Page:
In the play, “The Crucible” by Arthur Miller, the characters in the play eventually show their personal flaws. The entire play was designed to force out everyone’s loyalty to each other and their flaws when they are put under extreme circumstances. Each character slowly began unraveling and turning on each other. But perhaps, the character John Proctor, had the most tragic flaw of them all. While everyone was turning on each other, he was busy turning on himself.
John Proctor himself is a good man. He is the husband to Elizabeth Proctor and father to two boys. He is a hardworking farmer who dedicates his time to working on his farm at all times. His wife said that “[He] is a good and righteous man. He’s never drunk, as some are, nor wasting his time at the shovelboard, but always at his work” (Miller, 521). On top of that, he is faithful. He lives each day under the command of God and what he deems right. He attends church whenever he gets the opportunity. The only times he does not attend is when his wife’s health prevents him from going. However, the extent of his faith becomes questionable when he fails to name all ten commandments and when the one he forgot, was the one he was guilty of.
John Proctor’s lust for his servant Abigail Williams led him to commit adultery. During the time his wife was severely ill and with a little help from Abigail’s deceitfulness, he let his desires get the best of him and he had an affair with her. His wife knows of this incident and this has led to her giving John the cold shoulder. He has constantly tried to forget about his sin but despite how hard he tries, he cannot forgive himself for what he has done.
There is also a second flaw that leads John Proctor to his death; his pride. At the end of the play, he admits to adultery. Judge Danforth calls for a confession to be written so that it can be hung on the church doors for everyone in the village to see. After confessing, he was asked to sign his name as proof he confessed. His response was that “[They] have all witnessed it; what more is needed” (Miller, 538). He does wish to place his name upon a document that will drop his reputation. The two things he values most in his life is his family and an untainted name. He was finally able to muster up the strength to sign his name, but shortly after, he picked up the confession and ripped it up. He said “I confess to God, and God has seen my name on this! It is enough” (Miller, 538). Because he refused to submit his name to the church, he was sentence to hang. He let his pride get the best of him and that was the cause of his tragic death at the end of the play.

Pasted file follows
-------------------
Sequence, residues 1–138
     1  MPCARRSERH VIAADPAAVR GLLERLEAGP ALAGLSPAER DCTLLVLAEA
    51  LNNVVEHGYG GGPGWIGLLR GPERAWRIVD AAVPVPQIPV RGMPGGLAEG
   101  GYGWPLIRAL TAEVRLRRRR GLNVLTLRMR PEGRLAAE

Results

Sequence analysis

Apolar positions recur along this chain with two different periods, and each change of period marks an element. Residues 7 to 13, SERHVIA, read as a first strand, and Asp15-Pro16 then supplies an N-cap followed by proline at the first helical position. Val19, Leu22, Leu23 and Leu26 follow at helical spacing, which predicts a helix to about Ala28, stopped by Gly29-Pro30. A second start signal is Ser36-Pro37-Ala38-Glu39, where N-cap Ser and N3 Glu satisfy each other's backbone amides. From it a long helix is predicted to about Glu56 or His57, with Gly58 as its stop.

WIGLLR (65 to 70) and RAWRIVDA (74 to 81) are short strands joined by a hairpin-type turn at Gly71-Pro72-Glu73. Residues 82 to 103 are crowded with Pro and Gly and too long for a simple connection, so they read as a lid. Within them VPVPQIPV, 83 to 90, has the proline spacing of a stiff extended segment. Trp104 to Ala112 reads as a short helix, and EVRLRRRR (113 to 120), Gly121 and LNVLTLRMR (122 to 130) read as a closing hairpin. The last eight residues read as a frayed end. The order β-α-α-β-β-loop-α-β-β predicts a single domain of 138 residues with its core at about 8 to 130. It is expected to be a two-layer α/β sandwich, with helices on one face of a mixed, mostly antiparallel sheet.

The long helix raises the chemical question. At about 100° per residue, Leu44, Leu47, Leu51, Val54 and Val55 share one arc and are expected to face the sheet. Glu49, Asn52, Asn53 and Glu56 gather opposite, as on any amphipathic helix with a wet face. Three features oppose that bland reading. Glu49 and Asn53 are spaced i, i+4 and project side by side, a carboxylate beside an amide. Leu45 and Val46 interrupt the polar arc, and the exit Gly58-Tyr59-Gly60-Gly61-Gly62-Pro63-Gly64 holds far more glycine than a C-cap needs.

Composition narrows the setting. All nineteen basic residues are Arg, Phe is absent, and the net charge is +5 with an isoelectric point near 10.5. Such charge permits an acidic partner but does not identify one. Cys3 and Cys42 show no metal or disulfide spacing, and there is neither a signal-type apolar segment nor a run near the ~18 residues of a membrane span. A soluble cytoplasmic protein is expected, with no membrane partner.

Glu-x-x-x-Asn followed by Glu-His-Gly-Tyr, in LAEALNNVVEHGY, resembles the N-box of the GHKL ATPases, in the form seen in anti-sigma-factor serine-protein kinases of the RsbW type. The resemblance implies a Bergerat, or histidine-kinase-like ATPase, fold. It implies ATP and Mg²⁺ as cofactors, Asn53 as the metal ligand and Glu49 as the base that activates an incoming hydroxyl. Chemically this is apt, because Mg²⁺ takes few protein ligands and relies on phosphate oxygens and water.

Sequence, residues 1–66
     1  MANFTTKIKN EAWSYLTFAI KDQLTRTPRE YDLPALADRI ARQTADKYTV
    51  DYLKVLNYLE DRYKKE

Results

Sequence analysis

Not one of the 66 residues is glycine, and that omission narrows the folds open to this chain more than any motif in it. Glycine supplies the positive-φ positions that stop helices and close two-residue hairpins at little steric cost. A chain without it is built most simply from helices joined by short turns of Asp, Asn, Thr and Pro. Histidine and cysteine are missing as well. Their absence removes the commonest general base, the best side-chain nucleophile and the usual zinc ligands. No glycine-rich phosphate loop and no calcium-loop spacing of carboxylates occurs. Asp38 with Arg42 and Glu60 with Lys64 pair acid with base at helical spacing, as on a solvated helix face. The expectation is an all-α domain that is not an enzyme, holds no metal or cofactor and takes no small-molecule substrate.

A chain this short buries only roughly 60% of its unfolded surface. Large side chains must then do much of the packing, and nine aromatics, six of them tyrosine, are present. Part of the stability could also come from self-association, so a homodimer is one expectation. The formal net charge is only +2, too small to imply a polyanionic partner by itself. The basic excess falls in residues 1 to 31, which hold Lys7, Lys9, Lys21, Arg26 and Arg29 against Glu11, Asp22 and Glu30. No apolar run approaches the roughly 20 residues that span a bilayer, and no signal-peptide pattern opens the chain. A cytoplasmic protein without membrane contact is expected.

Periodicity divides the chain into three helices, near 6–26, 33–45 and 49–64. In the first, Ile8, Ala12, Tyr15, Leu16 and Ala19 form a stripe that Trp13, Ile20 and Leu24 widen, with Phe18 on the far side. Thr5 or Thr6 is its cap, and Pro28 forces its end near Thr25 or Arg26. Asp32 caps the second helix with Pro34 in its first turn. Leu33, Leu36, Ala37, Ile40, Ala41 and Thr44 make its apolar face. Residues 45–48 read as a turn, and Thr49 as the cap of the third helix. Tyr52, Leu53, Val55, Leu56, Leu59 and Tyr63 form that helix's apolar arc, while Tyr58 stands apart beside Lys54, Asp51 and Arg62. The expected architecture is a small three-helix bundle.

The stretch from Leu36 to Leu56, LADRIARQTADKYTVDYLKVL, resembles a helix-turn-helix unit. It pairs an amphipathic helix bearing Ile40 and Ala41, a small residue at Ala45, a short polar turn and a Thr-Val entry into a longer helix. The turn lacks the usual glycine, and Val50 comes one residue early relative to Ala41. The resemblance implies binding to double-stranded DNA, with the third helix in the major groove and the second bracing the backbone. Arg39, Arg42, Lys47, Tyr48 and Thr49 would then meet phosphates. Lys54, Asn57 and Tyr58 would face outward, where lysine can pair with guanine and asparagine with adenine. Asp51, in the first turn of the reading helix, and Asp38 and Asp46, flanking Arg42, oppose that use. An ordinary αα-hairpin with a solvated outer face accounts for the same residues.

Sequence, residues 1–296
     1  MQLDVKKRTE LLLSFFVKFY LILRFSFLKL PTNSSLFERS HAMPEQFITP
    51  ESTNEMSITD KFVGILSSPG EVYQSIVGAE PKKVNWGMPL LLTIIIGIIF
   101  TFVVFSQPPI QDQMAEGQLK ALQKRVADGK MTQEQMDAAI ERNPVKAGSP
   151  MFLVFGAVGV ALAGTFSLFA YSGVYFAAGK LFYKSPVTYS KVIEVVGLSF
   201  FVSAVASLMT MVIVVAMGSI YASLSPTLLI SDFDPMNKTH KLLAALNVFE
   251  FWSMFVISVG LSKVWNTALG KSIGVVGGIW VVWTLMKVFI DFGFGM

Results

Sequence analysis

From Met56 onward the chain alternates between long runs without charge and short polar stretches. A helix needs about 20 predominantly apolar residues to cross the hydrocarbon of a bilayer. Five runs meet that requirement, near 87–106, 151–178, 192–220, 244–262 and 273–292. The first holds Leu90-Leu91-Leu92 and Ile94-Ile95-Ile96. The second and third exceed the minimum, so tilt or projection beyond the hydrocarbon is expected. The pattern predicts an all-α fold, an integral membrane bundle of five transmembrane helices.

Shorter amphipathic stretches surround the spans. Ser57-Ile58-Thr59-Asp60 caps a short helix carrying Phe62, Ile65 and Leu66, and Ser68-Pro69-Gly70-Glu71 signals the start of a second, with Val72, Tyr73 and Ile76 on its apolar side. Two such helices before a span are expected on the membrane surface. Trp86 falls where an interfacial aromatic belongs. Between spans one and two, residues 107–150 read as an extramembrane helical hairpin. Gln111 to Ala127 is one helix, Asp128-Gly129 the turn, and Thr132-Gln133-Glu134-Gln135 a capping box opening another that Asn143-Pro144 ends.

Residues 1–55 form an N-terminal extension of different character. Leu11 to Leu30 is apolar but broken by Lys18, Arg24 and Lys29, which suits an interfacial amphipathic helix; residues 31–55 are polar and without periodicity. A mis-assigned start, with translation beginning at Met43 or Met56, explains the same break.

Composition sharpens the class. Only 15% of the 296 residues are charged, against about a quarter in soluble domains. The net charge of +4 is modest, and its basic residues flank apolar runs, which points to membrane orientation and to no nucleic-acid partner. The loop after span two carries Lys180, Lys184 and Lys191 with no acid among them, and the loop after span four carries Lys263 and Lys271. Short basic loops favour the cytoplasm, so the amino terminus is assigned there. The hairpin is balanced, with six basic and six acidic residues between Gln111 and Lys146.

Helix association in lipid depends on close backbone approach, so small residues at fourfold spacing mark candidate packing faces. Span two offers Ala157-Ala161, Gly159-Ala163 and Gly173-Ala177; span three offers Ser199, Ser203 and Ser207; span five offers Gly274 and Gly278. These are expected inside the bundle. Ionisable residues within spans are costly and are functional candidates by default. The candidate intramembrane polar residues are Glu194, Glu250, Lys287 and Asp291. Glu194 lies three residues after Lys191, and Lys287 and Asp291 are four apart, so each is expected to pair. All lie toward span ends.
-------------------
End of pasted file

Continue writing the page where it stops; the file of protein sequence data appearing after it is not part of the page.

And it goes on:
Throughout the play, John Proctor went through a hell of a time. He went from living everyday simple and full of work to dealing with accusation of witchcraft and seeing people he knew being hanged. This can drive a man mad. Perhaps, this is why Arthur Miller titled his play “The Crucible”. The definition of a crucible is a situation of severe trial; to put someone to the test and see if he or she survives. John Proctor’s faith and nobility were heavily tested and, sadly, he lost.
Because of his flaws, John Proctor set his own course to death. If you do good, good shall be come back. John did something terrible so he got the best of it. He then had the opportunity to save himself but he chose not to. To be honest, if John did not go mad, he probably could have live.
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